US, Australia and UK to unveil landmark security deal: reports

·2-min read
French President Emmanuel Macron (2nd L) and former Australian prime minister Malcolm Turnbull (3rd L) stand on the deck of a Collins-class submarine in Sydney in May 2018 -- reports say that an expected security deal with the United States and Britain could derail Australia's plans to purchase French submarines (AFP/ludovic MARIN)

The United States, Australia and Britain are expected to announce a landmark security pact on Wednesday that could see a multi-billion-dollar Paris-Canberra deal on submarines scrapped, Australian media reported.

The pact, known as AUKUS, would allow the three allies to "share advanced technologies, including nuclear submarine technology," The Sydney Morning Herald reported.

The official announcement is expected later Wednesday, according to reports. The White House said US President Joe Biden would deliver "brief remarks about a national security initiative" at 5 pm (2100 GMT). He will be joined virtually by Australian Prime Minister Scott Morrison and British Prime Minister Boris Johnson.

In light of the new pact, Australia would likely scrap a AUS$90 billion (roughly $66 billion) deal to purchase French submarines, the report said.

The troubled deal with France's Naval Group to build 12 state-of-the-art Attack Class subs is years behind schedule, well over budget and has become tangled up in Australian domestic politics.

As recently as June this year, French President Emmanuel Macron promised "full and complete" commitment to the deal, but a top Australian defense official said around the same time that Australia was actively considering alternatives should the French deal fall through.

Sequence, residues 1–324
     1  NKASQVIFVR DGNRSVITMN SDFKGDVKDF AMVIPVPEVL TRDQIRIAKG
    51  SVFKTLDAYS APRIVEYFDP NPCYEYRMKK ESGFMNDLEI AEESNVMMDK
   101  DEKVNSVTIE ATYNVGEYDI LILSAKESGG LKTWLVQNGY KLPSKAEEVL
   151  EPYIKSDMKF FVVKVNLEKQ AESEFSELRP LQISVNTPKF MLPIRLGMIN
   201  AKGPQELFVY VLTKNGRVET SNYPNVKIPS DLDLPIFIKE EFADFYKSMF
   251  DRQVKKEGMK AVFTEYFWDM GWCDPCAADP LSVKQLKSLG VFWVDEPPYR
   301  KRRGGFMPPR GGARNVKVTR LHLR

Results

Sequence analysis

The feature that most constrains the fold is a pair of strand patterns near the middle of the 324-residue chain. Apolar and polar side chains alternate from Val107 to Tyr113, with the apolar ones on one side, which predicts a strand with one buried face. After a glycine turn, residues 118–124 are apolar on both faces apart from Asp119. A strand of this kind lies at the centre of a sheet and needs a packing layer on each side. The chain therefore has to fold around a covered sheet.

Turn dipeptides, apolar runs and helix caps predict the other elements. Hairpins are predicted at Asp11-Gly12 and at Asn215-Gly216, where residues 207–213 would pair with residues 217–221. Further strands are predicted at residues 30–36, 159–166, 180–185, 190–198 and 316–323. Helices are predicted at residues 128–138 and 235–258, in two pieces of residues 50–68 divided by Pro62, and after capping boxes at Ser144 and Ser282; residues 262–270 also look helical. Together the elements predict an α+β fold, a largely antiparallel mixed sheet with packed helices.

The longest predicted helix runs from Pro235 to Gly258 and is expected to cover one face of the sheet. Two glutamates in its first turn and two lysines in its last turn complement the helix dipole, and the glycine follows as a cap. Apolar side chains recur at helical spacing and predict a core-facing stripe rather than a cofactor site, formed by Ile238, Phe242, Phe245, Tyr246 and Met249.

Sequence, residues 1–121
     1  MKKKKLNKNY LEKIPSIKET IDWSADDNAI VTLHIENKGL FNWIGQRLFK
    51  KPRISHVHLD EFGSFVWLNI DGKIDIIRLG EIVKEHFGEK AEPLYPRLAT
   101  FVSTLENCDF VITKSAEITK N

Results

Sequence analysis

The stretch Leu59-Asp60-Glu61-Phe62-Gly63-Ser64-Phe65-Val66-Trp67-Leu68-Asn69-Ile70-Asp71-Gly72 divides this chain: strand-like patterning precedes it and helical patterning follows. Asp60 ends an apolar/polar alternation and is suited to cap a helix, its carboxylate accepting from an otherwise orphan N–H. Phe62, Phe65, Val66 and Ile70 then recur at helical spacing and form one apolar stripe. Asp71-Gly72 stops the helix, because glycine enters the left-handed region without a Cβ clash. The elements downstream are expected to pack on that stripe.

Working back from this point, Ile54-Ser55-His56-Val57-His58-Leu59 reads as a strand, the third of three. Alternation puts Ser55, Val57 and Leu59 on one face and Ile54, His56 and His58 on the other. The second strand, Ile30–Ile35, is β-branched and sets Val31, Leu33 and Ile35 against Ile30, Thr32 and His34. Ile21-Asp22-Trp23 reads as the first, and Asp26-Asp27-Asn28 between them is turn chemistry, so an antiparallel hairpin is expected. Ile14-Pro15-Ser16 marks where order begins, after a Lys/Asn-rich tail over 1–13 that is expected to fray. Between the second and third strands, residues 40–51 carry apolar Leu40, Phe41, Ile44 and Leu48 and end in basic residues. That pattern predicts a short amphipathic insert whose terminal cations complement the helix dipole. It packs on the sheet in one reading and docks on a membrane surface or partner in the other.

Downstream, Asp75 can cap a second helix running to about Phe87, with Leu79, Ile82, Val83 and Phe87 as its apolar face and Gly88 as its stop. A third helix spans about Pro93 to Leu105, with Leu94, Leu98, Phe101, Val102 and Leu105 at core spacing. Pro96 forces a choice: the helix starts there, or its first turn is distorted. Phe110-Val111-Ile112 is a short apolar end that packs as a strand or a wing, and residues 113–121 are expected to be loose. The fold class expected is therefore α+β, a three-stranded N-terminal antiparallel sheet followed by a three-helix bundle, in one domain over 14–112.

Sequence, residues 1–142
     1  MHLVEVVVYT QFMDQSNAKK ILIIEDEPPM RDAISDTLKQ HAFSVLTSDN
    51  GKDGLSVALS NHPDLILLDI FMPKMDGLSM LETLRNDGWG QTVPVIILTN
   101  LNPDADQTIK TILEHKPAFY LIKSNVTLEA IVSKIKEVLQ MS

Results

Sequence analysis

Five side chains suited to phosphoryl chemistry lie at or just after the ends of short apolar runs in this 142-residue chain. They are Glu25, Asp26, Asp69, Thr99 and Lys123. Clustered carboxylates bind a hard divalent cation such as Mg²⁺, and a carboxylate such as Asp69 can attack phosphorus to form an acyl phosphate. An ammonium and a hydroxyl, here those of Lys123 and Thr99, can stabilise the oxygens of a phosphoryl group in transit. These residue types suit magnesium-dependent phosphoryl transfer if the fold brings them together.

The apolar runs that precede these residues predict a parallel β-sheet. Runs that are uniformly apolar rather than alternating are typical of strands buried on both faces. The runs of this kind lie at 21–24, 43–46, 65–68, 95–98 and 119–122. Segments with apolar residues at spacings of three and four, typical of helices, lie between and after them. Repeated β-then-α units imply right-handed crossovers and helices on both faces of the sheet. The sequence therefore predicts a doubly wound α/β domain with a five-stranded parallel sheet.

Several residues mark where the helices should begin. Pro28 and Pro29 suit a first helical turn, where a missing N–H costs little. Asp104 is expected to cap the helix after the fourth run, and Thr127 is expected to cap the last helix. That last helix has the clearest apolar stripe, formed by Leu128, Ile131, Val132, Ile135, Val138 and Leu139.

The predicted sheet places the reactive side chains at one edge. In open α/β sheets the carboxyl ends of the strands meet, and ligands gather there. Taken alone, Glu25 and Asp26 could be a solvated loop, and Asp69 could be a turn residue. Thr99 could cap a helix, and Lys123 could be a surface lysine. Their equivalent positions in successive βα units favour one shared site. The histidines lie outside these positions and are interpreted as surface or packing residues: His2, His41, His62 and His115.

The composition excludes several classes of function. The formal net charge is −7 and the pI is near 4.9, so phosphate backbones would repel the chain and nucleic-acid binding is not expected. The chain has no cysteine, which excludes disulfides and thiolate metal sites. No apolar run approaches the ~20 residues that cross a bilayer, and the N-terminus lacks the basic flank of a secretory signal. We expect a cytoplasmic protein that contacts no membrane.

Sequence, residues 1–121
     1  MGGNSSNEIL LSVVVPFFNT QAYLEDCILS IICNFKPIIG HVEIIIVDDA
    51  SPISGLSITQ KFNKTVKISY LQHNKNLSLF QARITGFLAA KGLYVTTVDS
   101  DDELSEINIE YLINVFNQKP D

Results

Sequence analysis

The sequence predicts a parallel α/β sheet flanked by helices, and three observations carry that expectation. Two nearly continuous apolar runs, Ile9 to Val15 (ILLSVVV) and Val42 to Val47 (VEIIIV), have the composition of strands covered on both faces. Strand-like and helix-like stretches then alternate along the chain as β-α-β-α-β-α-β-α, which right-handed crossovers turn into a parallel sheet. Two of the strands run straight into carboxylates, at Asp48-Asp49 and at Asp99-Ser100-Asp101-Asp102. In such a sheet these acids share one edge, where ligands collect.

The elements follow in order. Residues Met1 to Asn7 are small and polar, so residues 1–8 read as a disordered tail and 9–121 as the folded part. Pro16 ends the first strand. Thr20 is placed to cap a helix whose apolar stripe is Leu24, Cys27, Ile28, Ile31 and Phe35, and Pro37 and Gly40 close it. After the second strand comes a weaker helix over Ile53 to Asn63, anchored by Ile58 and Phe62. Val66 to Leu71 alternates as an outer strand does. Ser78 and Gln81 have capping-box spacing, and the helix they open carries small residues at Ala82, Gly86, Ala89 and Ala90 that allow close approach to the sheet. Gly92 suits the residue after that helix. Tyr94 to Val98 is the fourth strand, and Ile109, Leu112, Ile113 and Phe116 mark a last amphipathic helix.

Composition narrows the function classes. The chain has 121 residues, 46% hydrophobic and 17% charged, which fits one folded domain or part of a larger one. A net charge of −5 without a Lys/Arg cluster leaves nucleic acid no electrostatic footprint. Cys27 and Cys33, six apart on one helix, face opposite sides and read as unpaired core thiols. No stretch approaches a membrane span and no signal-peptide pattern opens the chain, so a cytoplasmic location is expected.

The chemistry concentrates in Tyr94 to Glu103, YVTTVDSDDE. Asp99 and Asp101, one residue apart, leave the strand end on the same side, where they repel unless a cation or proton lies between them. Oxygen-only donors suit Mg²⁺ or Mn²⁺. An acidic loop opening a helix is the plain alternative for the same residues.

Australian officials said at the time the work on the specifics of "Plan B" was classified but indicated the issue had been taken more seriously in recent months and included submarines and non-submarines.

The Australian Broadcasting Corporation reported the AUKUS pact would see Australia replace its Collins class submarines with nuclear-powered subs using US and British technology.

The deal would also allow for the three countries to share knowledge in areas including artificial intelligence, cyber and long-range strike capabilities, US outlet Politico reported.

The announcement comes as Australia has been boosting defense spending as it looks to a rapidly rising and more assertive China.

US President Joe Biden has also recently upped diplomatic efforts to cement alliances to counterbalance China.

Australian Prime Minister Scott Morrison is due to take part on September 24 in the first-ever White House gathering of the "Quad" diplomatic grouping -- made up of Australia, the United States, Japan and India.

The grouping is seen as a bid to offset China's growing economic and military reach in the Asia-Pacific region.

Australian media reports said Morrison held a "top-secret" cabinet meeting on the AUKUS pact on Tuesday in Canberra, with ABC highlighting the "highly unusual step" of including the opposition leader and shadow ministers in the briefing on the plan.

Australia's Defense Minister Peter Dutton and Foreign Minister Marise Payne are currently in Washington for in-person meetings with their US counterparts, reports added.

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